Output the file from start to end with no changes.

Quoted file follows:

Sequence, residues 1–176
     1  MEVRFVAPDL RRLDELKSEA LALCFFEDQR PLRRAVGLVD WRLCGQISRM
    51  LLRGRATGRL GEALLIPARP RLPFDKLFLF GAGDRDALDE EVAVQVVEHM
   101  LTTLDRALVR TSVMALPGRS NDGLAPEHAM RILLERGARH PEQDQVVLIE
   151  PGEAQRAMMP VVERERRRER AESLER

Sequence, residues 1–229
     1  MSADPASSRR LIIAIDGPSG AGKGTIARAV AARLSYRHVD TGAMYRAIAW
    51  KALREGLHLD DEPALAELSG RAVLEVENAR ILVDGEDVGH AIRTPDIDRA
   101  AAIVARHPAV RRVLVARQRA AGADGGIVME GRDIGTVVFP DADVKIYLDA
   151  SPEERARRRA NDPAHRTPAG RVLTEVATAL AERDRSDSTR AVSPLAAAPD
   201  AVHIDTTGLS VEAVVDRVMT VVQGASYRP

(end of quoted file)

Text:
Sequence, residues 1–176
     1  MEVRFVAPDL RRLDELKSEA LALCFFEDQR PLRRAVGLVD WRLCGQISRM
    51  LLRGRATGRL GEALLIPARP RLPFDKLFLF GAGDRDALDE EVAVQVVEHM
   101  LTTLDRALVR TSVMALPGRS NDGLAPEHAM RILLERGARH PEQDQVVLIE
   151  PGEAQRAMMP VVERERRRER AESLER

Sequence, residues 1–229
     1  MSADPASSRR LIIAIDGPSG AGKGTIARAV AARLSYRHVD TGAMYRAIAW
    51  KALREGLHLD DEPALAELSG RAVLEVENAR ILVDGEDVGH AIRTPDIDRA
   101  AAIVARHPAV RRVLVARQRA AGADGGIVME GRDIGTVVFP DADVKIYLDA
   151  SPEERARRRA NDPAHRTPAG RVLTEVATAL AERDRSDSTR AVSPLAAAPD
   201  AVHIDTTGLS VEAVVDRVMT VVQGASYRP